• Bob_Wallace

            If you airlift in a Tesla battery pack you provide enough energy to move a luxury car about 250 miles.

            If you airlife in the same weight in gasoline you provide enough energy to move a luxury car about 5,800 miles.

            Diesel pack more energy per pound than gasoline.

    • Nolan Thiessen

      SimpliPhi has a product like this.

      • thinkmorebelieveless

        Thank You
        Storage is the answer

    • Brian

      Yes, but as convoys move drained batteries back to the rear, they become east targets like the fuel convoys, that must resupply fuel. Solar panels are no more of a target than the diesel generators. Israel has few tree’s so their military can’t camouflage well anyway, and the bright glare from solar panels won’t give their positions away anymore than they already are. Using solar panels to generate electricity on sight is the best option.

      • thinkmorebelieveless

        The batteries can be transported by airlift, ultimately by unmanned aircraft. The solar panel installation would be a much bigger target than a diesel generator and fuel tanker and the diesel unit can be protected inside a bunker unlike the solar panels.

        • Bob_Wallace

          Compare the weight of batteries in a 200 mile range EV with the weight of gasoline to move an ICEV the same distance.

          The Tesla S pack weighs about 1,200 pounds. That would be 193.5 gallons of gasoline at 6.2 pounds per gallon. Five thousand, eight hundred miles in a 30 mpg ICEV.

          Battery swapping a forward base makes no sense.

          Aircraft moving in and out of a forward base would be very attractive targets.

          • thinkmorebelieveless

            Somewhat unrelated; how much battery capacity has to be provided to support these solar panel systems ? I would think that the military would demand several days of storage in case the sun doesn’t shine for a couple days.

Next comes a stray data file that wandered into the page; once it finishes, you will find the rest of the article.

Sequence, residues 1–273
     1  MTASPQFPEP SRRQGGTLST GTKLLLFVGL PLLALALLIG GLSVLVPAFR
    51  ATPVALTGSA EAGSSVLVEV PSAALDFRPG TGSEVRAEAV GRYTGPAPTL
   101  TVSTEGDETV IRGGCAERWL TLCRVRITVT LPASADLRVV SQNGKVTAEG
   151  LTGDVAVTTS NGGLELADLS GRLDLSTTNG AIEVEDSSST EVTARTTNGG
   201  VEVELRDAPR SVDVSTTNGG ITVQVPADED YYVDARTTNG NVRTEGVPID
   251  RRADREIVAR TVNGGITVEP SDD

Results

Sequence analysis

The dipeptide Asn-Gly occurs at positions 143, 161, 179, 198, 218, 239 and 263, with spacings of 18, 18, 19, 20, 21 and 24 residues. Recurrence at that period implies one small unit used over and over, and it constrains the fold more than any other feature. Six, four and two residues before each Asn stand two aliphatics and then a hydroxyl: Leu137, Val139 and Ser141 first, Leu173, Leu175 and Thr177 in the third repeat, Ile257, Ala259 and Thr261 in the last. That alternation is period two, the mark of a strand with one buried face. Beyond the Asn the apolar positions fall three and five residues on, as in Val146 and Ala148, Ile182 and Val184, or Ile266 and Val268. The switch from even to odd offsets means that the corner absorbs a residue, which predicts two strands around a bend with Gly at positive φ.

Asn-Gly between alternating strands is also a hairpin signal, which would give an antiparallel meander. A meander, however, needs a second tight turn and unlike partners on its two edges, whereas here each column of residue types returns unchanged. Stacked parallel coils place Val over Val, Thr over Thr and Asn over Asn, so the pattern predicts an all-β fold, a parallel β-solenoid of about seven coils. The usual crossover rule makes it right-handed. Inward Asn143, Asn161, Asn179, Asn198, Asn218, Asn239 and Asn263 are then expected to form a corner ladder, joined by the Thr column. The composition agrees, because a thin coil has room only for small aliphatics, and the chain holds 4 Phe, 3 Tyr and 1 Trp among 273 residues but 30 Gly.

And you know, anything moving in and out of a base, aircraft, trucks, etc is an attractive target. I think I would take my chances in a 100+ mph aircraft with threat countermeasures and many degrees of movement freedom rather than a 30 mph unarmored truck with limited freedom of movement.

          • Bob_Wallace

            I think once more I’ve reached the end of my thinkmorebelieveless tolerance….

  • Brian

    Excellent news. Although I do have to wonder given Israel’s abundant sunshine, and desert areas, if these targets will be achieved much quicker. A massive increase in residential solar, could also help speed up Israel’s transition away from dirty fossil fuels.

    • Bob_Wallace

      I have to wonder why Israel is not a world leader in terms of solar installed and EVs on the road. This is a very technologically advanced country with plenty of available capital. One would think they would see moving off fossil fuels as a national priority.

      • Bob_Wallace

        From the southern tip of Israel (Eilat) to Jerusalem is only 319 km, about 180 miles. A Leaf with the ability to rapid charge could make that with one stop. It’s less than half that distance from Jerusalem to the northern tip.

        A Bolt or Mod3 should make about any drive someone would want to make on a single charge.

      • Brian